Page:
The state will recognize the out-of-state marriage of a Whiting couple in which one woman is receiving hospice care for terminal cancer.
Veronica Romero and her wife, Mayra Yvette Rivera, filed their lawsuit Monday in federal court in Hammond, seeking recognition of their Illinois marriage in Indiana. The two have been together for 27 years, have two children and got married in March.
Rivera was diagnosed in 2011 with ovarian cancer, which has since spread throughout her body and required hospice care beginning in July.
The two filed their lawsuit to prevent Indiana from enforcing I.C. 31-11-1-1 against them and to require state officials to recognize their marriage.
The state actors – Lake County Clerk Michael Brown, Indiana State Department of Health Commissioner Dr. William C. Vanness II and Attorney General Greg Zoeller – agreed they would not enforce the state’s marriage law against the couple and will recognize their out-of-state marriage. If either Romero or Rivera should die in Indiana, the Department of Health will issue a death certificate recording the deceased plaintiff’s status as married and list the other plaintiff as the surviving spouse, according to an opinion from Judge Joseph Van Bokkelen in the U.S. District Court, Northern District of Indiana, Hammond Division.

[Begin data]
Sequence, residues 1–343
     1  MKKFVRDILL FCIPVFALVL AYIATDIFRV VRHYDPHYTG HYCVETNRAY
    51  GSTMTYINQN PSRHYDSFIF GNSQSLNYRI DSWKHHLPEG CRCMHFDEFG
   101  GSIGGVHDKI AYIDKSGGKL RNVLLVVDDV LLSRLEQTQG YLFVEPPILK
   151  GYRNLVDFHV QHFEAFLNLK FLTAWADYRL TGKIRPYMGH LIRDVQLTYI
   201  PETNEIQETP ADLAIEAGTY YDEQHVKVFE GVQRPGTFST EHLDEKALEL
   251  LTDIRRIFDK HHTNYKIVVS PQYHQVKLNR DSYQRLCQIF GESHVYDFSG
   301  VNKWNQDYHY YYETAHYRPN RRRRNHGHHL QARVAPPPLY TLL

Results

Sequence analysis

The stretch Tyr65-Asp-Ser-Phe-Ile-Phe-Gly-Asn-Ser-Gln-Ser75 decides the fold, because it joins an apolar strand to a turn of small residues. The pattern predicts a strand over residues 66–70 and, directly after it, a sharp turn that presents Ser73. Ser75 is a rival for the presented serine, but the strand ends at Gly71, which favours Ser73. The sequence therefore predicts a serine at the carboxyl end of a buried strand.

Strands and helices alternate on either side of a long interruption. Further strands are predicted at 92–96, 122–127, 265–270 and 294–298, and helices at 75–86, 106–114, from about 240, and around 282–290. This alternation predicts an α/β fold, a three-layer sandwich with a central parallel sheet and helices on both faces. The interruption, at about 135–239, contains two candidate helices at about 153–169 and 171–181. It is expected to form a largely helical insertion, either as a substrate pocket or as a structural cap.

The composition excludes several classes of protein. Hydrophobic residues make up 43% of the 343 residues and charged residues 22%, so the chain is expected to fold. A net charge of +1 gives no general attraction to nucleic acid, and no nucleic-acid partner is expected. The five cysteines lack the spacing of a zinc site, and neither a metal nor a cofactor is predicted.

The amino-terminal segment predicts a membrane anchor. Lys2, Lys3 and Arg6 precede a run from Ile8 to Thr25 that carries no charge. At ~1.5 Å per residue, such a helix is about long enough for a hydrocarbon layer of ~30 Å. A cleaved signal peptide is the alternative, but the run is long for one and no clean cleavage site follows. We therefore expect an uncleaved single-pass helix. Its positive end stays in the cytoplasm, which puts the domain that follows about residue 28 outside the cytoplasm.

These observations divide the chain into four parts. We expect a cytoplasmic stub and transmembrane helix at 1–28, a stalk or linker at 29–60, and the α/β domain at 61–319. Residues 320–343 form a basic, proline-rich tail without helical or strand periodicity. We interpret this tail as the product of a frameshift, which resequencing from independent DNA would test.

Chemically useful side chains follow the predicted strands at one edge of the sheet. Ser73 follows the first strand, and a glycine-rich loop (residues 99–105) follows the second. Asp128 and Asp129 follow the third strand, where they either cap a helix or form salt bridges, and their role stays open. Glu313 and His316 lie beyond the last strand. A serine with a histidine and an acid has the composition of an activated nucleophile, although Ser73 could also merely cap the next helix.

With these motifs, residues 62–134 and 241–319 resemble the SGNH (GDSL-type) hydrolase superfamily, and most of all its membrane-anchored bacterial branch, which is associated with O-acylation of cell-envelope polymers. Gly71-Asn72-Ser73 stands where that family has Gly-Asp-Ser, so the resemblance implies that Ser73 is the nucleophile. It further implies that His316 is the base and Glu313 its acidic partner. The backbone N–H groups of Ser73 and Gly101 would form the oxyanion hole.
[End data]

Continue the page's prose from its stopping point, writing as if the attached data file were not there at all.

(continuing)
The Whiting couple is the second same-sex couple to have their out-of-state marriage recognized in Indiana. Niki Quasney and Amy Sandler sued earlier this year to have their marriage recognized as Quasney is also terminally ill with Stage IV ovarian cancer.
When Quasney and Sandler filed their emergency motion with the 7th Circuit to lift the stay preventing same-sex couples from being married or having their marriages recognized with regards to their relationship, Zoeller argued that the state’s marriage statute allows for no hardship exceptions. The 7th Circuit granted their emergency motion July 1, making theirs the only gay marriage legally recognized in this state until Thursday’s ruling.
Romero’s and Rivera’s case has been otherwise stayed pending the U.S. Supreme Court’s decision regarding the appeal of the state’s same-sex marriage cases, in which the 7th Circuit ruled that the gay-marriage ban is unconstitutional.